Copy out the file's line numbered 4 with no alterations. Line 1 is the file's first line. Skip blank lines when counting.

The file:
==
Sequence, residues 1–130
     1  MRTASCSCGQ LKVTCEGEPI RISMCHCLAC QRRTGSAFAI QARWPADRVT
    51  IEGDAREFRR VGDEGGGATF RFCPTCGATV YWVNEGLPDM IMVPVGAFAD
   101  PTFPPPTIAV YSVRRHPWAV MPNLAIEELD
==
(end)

   101  PTFPPPTIAV YSVRRHPWAV MPNLAIEELD